Last week we saw equity markets globally selling off, led by Asian indices, and a continued flight to safety with plenty of support for gold, the Japanese Yen and government bonds. As Chinese markets reopened following the Lunar New Year holiday, domestic markets experienced heavy losses marking the worst opening in nearly 13 years. These falls came despite the central bank pumping Rmb1.2tn ($171bn) in additional liquidity into the financial system aimed at cushioning the blow of the country’s coronavirus outbreak.
While we don’t have the ability to judge how long the epidemic will last and how bad it will get, it is inevitably going to act as a drag on short-term growth figures in many parts of the world. Past outbreaks of serious illness worldwide have knocked markets temporarily but have often been followed by market recovery as and when the authorities turn the tide on the spread of the disease.
Two key nations had central bank meetings last week. As expected, the US Federal Reserve kept rates kept on hold. There were very few changes to the post-meeting statement other than to note household spending was at a moderate pace and a change in the wording to reflect the Fed would be comfortable with inflation overshooting their 2 per cent target. The US economy grew 2.1 per cent in the fourth quarter, bringing full-year growth in the world’s largest economy to 2.3 per cent, its lowest in three years.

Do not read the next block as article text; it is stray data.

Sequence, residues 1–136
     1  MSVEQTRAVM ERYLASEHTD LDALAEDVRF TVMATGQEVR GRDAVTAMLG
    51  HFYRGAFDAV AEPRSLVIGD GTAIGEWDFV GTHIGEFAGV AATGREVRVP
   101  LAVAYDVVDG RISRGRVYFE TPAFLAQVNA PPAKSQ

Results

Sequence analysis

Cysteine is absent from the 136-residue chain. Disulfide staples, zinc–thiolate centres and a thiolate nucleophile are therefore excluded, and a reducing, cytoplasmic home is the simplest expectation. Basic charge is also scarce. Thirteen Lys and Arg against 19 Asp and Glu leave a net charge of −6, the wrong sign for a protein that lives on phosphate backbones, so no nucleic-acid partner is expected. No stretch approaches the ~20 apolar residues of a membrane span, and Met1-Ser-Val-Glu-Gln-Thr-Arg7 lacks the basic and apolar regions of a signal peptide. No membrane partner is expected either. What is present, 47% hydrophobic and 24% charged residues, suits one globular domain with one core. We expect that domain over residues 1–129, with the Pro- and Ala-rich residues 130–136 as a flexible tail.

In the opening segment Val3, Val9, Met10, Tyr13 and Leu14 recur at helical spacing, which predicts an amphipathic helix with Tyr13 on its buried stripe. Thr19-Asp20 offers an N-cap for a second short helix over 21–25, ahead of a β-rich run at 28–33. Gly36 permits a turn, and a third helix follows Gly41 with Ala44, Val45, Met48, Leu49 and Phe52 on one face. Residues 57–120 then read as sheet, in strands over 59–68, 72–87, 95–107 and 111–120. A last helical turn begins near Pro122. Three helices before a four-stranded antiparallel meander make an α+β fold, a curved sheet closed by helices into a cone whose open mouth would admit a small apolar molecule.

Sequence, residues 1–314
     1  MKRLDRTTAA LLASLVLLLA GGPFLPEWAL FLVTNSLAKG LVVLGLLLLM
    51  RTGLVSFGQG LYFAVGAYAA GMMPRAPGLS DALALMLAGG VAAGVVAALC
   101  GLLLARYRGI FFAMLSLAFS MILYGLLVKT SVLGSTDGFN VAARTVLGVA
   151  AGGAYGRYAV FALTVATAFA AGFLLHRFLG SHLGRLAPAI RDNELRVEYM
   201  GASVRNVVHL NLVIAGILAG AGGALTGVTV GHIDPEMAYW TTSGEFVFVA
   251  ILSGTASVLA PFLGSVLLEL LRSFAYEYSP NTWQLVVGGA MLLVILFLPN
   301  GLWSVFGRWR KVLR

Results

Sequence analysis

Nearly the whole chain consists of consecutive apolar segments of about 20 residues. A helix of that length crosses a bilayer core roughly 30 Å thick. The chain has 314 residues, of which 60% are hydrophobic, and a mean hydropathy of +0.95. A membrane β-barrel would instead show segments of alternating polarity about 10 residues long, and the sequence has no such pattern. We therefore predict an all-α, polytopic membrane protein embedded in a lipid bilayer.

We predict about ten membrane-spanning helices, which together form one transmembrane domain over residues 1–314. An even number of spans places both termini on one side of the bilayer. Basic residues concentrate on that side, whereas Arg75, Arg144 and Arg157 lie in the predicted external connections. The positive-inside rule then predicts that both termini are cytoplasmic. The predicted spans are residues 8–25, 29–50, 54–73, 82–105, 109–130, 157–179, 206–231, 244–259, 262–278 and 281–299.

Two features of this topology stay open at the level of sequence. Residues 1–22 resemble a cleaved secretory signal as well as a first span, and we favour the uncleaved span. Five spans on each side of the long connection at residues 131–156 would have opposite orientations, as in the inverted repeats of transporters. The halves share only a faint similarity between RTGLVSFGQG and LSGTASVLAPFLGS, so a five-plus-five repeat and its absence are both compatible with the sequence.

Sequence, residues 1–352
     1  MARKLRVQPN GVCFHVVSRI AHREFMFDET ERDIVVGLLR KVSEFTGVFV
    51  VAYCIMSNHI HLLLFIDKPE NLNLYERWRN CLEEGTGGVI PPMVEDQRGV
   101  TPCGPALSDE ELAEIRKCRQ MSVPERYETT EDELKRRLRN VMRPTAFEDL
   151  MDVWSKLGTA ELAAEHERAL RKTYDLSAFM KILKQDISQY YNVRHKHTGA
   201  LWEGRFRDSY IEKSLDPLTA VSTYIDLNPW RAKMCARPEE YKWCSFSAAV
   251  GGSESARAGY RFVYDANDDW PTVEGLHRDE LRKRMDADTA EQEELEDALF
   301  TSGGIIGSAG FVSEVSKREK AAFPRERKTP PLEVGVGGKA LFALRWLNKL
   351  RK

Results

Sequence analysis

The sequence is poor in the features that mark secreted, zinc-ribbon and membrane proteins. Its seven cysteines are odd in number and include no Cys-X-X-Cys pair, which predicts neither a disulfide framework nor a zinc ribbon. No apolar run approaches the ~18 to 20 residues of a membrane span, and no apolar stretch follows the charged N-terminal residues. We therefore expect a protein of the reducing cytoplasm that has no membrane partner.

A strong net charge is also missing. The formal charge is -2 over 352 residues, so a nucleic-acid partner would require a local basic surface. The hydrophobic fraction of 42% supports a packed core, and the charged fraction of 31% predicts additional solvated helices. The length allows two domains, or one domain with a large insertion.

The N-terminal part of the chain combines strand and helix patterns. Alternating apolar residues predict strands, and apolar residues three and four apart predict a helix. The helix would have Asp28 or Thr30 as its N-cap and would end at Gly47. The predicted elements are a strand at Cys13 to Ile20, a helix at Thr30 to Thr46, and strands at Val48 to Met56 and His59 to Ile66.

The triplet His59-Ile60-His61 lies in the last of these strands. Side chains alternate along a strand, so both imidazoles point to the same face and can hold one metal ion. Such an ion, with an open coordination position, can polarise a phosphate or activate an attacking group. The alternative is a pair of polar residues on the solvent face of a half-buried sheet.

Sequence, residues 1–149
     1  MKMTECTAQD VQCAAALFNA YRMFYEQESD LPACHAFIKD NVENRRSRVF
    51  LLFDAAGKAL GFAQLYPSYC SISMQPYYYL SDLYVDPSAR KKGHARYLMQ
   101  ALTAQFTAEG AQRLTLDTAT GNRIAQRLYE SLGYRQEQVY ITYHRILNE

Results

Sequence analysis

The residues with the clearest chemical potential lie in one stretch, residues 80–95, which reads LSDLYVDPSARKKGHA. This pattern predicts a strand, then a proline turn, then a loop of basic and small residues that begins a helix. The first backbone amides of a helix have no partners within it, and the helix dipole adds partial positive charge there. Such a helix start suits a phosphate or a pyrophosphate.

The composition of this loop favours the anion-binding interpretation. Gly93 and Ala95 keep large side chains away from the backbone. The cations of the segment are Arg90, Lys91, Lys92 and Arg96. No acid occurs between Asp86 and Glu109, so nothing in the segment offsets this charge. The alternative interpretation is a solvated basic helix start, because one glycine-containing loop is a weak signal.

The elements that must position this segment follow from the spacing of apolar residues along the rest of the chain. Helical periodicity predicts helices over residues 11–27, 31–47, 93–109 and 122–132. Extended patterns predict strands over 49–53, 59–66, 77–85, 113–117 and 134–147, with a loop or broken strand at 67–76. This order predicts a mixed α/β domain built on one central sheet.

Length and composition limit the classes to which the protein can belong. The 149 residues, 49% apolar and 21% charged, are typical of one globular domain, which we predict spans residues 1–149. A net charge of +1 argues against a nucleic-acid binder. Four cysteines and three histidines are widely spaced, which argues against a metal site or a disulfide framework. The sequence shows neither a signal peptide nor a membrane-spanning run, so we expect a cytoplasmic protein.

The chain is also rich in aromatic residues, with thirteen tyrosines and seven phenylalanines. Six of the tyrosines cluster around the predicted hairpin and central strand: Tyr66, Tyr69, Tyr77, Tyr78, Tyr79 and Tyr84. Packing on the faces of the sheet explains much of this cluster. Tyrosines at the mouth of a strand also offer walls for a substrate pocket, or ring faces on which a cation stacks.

In the UK, recent data showing a post-election improvement in business sentiment was just enough to prevent an interest rate cut in Mark Carney’s last Committee meeting as Governor before Andrew Bailey takes over in March. The news caused a rally in sterling that hit blue chips, which are big earners of foreign currency.
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